"At that time I told my son-in-law, 'I would like to see the Lubavitcher Rebbe and have my younger son receive his blessing.'

"My son-in-law was less enthusiastic. His home community did not have many followers of the Rebbe and he felt no need to make the two-hour journey. I, however, was not to be dissuaded.

When my son-in-law saw that I was intent on going, he told me about the opportunity meet briefly with the Rebbe on Sunday morning, when the Rebbe distributes dollars to be given to charity. I readily agreed, and my son-in-law arranged a ride to Brooklyn for me and my young son.

"We neared '770', where we were amazed to see a winding, block-long line of people waiting to see the Rebbe. During those hours in which we waited our turn, I told the miraculous story of my birth to my son.

"He was very moved to hear the story, 'I was surprised that you were so determined to come here, he said, 'and I did not know why you were willing to wait so long. Time has always been very precious to you. Now I understand.'

"Finally, after hours of slowly inching forward, we reached a point from where we could see the distinguished and impressive appearance of the Rebbe. There was a tangible spirit of divinity in the air. I was amazed at the thousands of people who passed by. He blessed each one and handed out tzedakah [a dollar for (charity)] personally.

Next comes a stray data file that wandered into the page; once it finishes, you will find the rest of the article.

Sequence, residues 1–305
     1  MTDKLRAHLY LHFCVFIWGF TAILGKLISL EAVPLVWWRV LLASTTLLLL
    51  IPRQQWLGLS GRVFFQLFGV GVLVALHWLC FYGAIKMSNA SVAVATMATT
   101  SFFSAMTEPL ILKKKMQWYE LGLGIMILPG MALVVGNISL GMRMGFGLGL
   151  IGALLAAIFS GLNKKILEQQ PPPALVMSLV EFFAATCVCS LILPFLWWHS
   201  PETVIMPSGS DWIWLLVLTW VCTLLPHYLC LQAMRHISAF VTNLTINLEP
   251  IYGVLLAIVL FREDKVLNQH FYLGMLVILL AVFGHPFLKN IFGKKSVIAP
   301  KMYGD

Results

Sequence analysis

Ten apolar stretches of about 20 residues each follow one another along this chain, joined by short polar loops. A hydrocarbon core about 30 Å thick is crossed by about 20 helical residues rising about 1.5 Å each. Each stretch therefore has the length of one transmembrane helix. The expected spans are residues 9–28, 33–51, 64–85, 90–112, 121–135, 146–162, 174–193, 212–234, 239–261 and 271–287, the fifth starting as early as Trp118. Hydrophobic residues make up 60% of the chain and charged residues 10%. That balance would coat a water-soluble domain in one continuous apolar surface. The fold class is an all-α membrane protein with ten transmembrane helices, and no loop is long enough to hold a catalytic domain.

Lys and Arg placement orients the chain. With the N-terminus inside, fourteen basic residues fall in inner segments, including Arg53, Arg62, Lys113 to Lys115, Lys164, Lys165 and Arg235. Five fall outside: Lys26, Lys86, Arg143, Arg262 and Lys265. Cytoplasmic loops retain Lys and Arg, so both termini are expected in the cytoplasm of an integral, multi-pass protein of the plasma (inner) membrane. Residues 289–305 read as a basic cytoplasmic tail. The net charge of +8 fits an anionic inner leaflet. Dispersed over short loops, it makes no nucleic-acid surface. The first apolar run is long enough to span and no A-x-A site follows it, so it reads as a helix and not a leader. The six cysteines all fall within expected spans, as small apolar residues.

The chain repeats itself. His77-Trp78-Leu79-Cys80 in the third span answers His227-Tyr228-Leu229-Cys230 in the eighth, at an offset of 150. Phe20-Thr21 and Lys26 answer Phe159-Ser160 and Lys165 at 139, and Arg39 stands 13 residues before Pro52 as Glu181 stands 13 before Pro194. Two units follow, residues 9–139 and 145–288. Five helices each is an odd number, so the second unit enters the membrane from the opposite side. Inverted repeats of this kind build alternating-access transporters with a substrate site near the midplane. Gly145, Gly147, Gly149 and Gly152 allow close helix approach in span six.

Though the line of people passed quickly, I could see that some of them said something to the Rebbe and that he responded. I hadn't planned to say anything. I just wanted to see and approach the Rebbe once. "Maybe because it was my personal need to thank him for the blessing that he gave my parents, which culminated in my birth," I thought to myself.

Our turn arrived more quickly than I had anticipated. The Rebbe gave my son, who was standing before me, a dollar. Brochah v'hatzlacha ("blessings and success"), the Rebbe said. Then, without pause, he asked him in Yiddish, "Are you ready to ask the Four Questions?"

My son was caught by surprise, not having expected the Rebbe to address him. Sensing his surprise, the attendant explained the question.

My son regained his composure and responded, "Yes." The Rebbe smiled and handed him another dollar. "This is for the Four Questions" he said.

As I approached the Rebbe, he handed me a dollar saying, "Brochah v'hatzlacha." Then, he handed me a second dollar, "for the answer to the Four Questions." Whereupon he gave me a deeply penetrating look, and with a tremendous smile he added: "and for Vehigadeta levincha.'"
Source: Adapted by Yerachmiel Tilles from "To Know and to Care" Volume 1, by Eliyahu and Malka Touger.

Connection: Seasonal--the 116th anniversary of the birth of the Lubavitcher Rebbe

Biographical note:
Rabbi Menachem Mendel Schneerson, the Lubavitcher Rebbe ?''?: [11 Nissan 5662 - 3 Tammuz 5754 (April 1902 - June 1994 C.E.)], became the seventh Rebbe of the Chabad dynasty after his father-in-law's passing on 10 Shvat 5710 (1950 C.E.). He is widely acknowledged as the greatest Jewish leader of the second half of the 20th century. Although a dominant scholar in both the revealed and hidden aspects of Torah and fluent in many languages and scientific subjects, the Rebbe is best known for his extraordinary love and concern for every Jew on the planet. His emissaries around the globe dedicated to strengthening Judaism number in the thousands. Hundreds of volumes of his teachings have been printed, as well as dozens of English renditions.

Yerachmiel Tilles is co-founder and associate director of Ascent-of-Safed, and chief editor of this website (and of KabbalaOnline.org). He has hundreds of published stories to his credit, and many have been translated into other languages. He tells them live at Ascent nearly every Saturday night.